The anticipated or imminent arrival to the major leagues of a Jewish ballplayer is such a relatively infrequent phenomenon that it usually has Jewish fans buzzing – often for the two or three (or more) years it takes for a particular Jewish player to work his way up through the minor leagues.
Particularly for those Jewish fans whose definition of a Jew follows the ages-old rabbinic norm – someone born of a Jewish mother or who converts according to the precepts of Jewish law – the wait between players can be a long one, as many major leaguers commonly identified as Jews turn out to have a Jewish father but a non-Jewish mother or surnames that merely sound Jewish.
Two of the more well-known players in the latter category are David Cone and Mike Jacobs. When Cone first came to the New York Mets as a result of a trade with the Kansas City Royals before the 1987 season, Jewish Mets fans were thrilled; almost immediately he was besieged with invitations to bar mitzvahs and other Jewish events. But the disappointing word got out soon enough: Cone, alas, was not Jewish.
Jacobs, who came up through the Mets’ system, was traded to the Florida Marlins prior to the 2006 season. Jacobs had come up to the Mets late in the 2005 season and the news spread rather quickly among fans who care about such things that, name notwithstanding, he was not a Jew.
(Apparently, though, no one told the Marlins’ front office, which gave away Mike Jacobs t-shirts on the team’s 2006 Jewish Heritage Day. When Marlins officials were informed that Jacobs was a non-Jew they insisted they had known that all along, and attributed the decision to spotlight Jacobs on Jewish Heritage Day as mere coincidence.)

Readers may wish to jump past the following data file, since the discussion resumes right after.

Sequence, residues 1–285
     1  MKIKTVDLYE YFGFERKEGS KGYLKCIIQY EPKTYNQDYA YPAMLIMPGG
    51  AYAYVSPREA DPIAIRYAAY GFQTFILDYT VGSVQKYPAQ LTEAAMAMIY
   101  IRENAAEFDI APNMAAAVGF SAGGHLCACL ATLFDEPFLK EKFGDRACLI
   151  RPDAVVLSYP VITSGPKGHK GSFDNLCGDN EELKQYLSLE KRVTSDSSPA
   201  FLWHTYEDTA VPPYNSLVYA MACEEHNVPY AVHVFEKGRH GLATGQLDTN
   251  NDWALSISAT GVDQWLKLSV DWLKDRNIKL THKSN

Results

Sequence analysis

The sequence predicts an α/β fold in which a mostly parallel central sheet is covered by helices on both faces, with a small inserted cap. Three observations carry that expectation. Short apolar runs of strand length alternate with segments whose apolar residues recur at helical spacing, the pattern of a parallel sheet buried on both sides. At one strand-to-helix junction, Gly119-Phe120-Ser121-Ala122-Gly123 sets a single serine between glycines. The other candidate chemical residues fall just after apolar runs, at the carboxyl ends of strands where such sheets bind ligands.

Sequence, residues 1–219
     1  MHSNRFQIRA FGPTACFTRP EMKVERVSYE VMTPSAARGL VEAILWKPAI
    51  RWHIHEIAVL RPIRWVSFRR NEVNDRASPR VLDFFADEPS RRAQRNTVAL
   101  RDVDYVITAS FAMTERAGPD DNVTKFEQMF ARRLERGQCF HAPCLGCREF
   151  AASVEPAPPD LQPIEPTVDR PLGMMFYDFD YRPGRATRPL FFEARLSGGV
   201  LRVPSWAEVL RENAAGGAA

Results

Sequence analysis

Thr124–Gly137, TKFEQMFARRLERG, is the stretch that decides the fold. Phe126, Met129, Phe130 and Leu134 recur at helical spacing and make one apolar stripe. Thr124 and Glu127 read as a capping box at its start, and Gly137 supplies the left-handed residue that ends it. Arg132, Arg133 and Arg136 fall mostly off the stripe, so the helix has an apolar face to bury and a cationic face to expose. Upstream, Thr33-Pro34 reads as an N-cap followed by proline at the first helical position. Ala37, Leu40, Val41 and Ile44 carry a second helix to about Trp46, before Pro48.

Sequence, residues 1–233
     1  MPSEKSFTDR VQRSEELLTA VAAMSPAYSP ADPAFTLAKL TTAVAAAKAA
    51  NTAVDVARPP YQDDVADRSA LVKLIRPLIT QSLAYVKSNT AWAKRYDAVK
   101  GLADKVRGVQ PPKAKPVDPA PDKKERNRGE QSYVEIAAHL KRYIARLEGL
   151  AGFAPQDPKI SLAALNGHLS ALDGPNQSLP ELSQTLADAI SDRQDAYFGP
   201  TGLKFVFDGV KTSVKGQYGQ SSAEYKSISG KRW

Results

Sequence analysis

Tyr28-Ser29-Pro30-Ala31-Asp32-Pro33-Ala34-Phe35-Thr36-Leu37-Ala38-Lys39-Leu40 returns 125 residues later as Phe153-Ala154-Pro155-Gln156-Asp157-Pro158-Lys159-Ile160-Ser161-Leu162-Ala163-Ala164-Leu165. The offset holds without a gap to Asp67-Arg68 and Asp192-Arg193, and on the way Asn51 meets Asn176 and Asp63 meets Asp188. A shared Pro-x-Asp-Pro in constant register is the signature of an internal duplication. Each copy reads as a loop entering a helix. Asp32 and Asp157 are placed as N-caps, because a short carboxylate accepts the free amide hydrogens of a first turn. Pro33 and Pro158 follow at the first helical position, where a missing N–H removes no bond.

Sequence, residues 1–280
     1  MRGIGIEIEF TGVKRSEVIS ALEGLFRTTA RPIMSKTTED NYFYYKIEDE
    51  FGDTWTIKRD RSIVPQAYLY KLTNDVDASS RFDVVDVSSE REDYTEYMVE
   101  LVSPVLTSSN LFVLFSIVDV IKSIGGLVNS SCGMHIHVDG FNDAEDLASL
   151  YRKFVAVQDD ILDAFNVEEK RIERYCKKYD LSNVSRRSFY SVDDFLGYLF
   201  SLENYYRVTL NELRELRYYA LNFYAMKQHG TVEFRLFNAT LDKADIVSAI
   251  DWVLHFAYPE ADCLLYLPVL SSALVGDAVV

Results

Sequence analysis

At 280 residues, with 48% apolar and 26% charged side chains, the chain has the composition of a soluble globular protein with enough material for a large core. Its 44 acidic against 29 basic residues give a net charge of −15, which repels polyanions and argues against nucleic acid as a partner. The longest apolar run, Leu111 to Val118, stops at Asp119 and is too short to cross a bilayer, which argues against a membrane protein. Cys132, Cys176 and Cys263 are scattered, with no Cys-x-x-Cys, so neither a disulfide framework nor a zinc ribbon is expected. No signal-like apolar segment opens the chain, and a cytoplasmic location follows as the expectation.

Ironically, it was Jacobs, on his second go-round as a Met, who last week was sent down to the minor leagues when the Mets brought up much ballyhooed first baseman Ike Davis. The irony? Davis happens to be Jewish – something that seems to have caught most fans by surprise – even fans of the type mentioned above, those constantly on the lookout for Jewish players.
There had been a small bit of speculation on the Internet about Davis’s Jewishness prior to his promotion to the majors, but nothing really definitive. At least one blogpost in February mentioned that Davis’s mother was Jewish (his father, former major league pitcher Ron Davis, is not) but it seemed strange that the story had, to that point, assumed little if any traction.
One fan told the Monitor that during spring training last month he’d typed in every conceivable key word in attempting to track down information about Davis on Google but had come up with almost nothing that satisfactorily addressed Davis’s religious background.
On April 19, the day the Mets announced that Davis was being summoned to Flushing, Howard Megdal, on his SNY TV blog, noted the possibility that Davis might blossom into “New York’s first-ever Jewish superstar.” Megdal’s definition of Jewishness when applied to ballplayers is, by his own admission, “expansive,” but at least the subject was being addressed in a presumably authoritative venue.
On April 22, Faith and Fear in Flushing blogger Greg Prince, who’s Jewish, wrote:
When I say “it turns out” Ike Davis is Jewish, that’s because I had only the barest inkling that was his background. I don’t generally give any thought to Mets’ backgrounds . It occurs to me I’ve never known or wondered about Tom Seaver’s religion. Seaver religiously threw strikes like nobody else, which meant I was a practicing Seaverite from the time I was old enough to know right from wrong and left from right . But seriously, this is nice to know.
A few hours after Prince’s post went up, Dave Waldstein, The New York Times’s Mets beat reporter, delved into Davis’s background on the Times’s website. Noting that Davis’s real first name is Isaac, Waldstein wrote: “Davis’s mother, Millie, is Jewish, and she named her son after her grandfather. Davis said a large portion of his family on his mother’s side, which was from Lithuania, perished in the Holocaust.”
So to all those readers who constantly write in asking the Monitor whether this or that baseball player is Jewish according to Orthodox criteria – the answer, more often than not, is no – Ike Davis is the real deal.
Jason Maoz can be reached at email@example.com